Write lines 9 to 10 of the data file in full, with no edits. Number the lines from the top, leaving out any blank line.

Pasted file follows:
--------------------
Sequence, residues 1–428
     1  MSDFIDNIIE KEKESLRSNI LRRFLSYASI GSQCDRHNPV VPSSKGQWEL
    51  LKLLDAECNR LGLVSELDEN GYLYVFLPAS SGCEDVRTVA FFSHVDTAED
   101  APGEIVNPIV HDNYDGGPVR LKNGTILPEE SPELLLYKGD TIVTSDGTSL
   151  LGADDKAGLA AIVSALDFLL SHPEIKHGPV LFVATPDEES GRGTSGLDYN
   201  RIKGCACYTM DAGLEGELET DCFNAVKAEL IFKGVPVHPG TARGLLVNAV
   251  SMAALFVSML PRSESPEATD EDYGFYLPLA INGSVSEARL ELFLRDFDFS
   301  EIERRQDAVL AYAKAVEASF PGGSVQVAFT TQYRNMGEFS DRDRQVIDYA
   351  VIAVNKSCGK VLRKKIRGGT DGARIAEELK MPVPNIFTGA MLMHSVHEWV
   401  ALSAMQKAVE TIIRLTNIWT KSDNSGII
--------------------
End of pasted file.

   351  VIAVNKSCGK VLRKKIRGGT DGARIAEELK MPVPNIFTGA MLMHSVHEWV
   401  ALSAMQKAVE TIIRLTNIWT KSDNSGII